With the 2012 U.S. presidential election on the horizon, the role of social media in politics is likely to factor more prominently than ever. Whether you’re considering a run in politics, or simply interested in following politicians through a social media lens, here are three politicians with expertly run social media campaigns. Track the course of their social media activities into the next election and decide for yourself how big a factor social media plays in the outcome.
1. Barack Obama
Prior to his 2008 presidential campaign, Barack Obama benefited from a tactic that’s now commonplace on social media — he got an endorsement from a highly influential individual. In this case, the endorsement came from none other than Oprah Winfrey. Although this was not an actual “social media endorsement”, it signaled an understanding on behalf of Obama how important mobilizing the public would become in the ensuing social media campaign.
Of course, the metrics of Obama’s social media success in the aftermath of the 2008 election have been well documented. Most of us are also familiar with President Obama’s insistence of maintaining his BlackBerry device once he assumed office. Arguably, this marked a turning point U.S. history, as Obama went on to become the first sitting President to have his own Twitter account (@BarackObama).
Much like his political strategy of collaboration, Obama’s social media strategy is less about “top-down” one-way communication and more about inclusion and engagement. For example, not long after assuming the presidency, Obama launched the Change.gov website to continue the interaction between the public and the President that it elected. The idea was to use public input to help the government-elect transition into power.
Fast forward to 2011, and it’s clear that the importance of social media in the current political landscape is not lost on President Obama. In July 2011, he conducted a live Town Hall meeting on Twitter and followed that up with Town Hall meeting on LinkedIn in September. The Barack Obama Facebook Page has over 24 million fans while the White House’s Office of Public Engagement lists ways that the public can communicate with the government through podcasts, photo galleries, streaming video, and more.
2. Newt Gingrich
Ron Paul, current member of the U.S. House of Representatives, is also running for the Republican Party nomination for President. Like Newt Gingrich, Ron Paul employs a Facebook Landing Page, but unlike the static image that greets visitors to Gingrich’s page, Paul’s page displays a live ticker showing the amount of funds he’s currently raised for his campaign. The landing page also contains clickable calls to action, in the form of “Donate Today” and “Receive Updates” buttons. Other engaging features include Twitter Follow buttons, an embedded Twitter stream, and an interactive map where people can find Ron Paul meetups all over the world. Although not as popular as Gingrich, Ron Paul has amassed over 200,000 fans on Facebook.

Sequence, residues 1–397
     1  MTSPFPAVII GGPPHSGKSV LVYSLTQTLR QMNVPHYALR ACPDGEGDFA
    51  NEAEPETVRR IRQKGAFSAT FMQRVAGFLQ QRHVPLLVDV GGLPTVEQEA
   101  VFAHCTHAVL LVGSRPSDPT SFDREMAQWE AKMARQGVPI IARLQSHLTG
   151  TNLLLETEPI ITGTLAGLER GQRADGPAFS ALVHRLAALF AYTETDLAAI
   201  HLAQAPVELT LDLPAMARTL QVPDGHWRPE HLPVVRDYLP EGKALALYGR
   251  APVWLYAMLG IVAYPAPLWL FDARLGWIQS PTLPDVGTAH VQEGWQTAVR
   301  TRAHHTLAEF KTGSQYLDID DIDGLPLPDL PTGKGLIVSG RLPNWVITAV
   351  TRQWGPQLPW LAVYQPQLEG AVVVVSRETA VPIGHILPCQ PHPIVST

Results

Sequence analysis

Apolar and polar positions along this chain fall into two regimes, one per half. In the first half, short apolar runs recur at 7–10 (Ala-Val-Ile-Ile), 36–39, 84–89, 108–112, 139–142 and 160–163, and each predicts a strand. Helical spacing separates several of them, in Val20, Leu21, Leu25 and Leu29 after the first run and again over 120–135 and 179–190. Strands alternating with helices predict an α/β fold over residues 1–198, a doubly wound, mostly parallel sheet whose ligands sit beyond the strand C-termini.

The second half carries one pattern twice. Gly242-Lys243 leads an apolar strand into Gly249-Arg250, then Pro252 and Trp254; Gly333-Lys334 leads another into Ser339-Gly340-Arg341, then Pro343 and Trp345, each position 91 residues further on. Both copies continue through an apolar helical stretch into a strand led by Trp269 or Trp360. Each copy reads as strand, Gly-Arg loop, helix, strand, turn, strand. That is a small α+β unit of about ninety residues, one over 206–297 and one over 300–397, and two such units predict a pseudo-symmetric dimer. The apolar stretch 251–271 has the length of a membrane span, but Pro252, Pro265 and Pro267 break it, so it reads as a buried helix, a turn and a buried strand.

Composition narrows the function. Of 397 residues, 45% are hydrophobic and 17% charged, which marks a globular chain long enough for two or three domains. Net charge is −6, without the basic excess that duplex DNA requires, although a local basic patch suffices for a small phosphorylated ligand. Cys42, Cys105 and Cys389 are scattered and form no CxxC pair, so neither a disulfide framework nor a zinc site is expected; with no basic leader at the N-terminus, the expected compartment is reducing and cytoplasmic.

On Twitter, the @RonPaul account has over 100,000 followers. The timeline is punctuated with strategic hashtags like #RonPaul, #budget, and #economy and it looks like the Paul campaign actively engages with other Republican presidential nominees as well.
Online video seems to be another one of Paul’s strong points. His YouTube channel has over 27,000 subscribers and his videos have collectively received over 3 million views. Judging from Ron Paul’s Klout score of 71, it’s clear that he has established an influential footprint in the social media space.
Does it Matter?
Social Media has brought transparency to individuals, businesses, and politicians alike. The immediacy and reach of social media means that news and information can go viral and be picked up by news organizations all over the world, in a matter of minutes.
More than ever, social media can impact the results of any politician’s campaign. Use any of these high profile politicians as inspiration on how to connect with a national audience using the power of an expertly crafted social media campaign.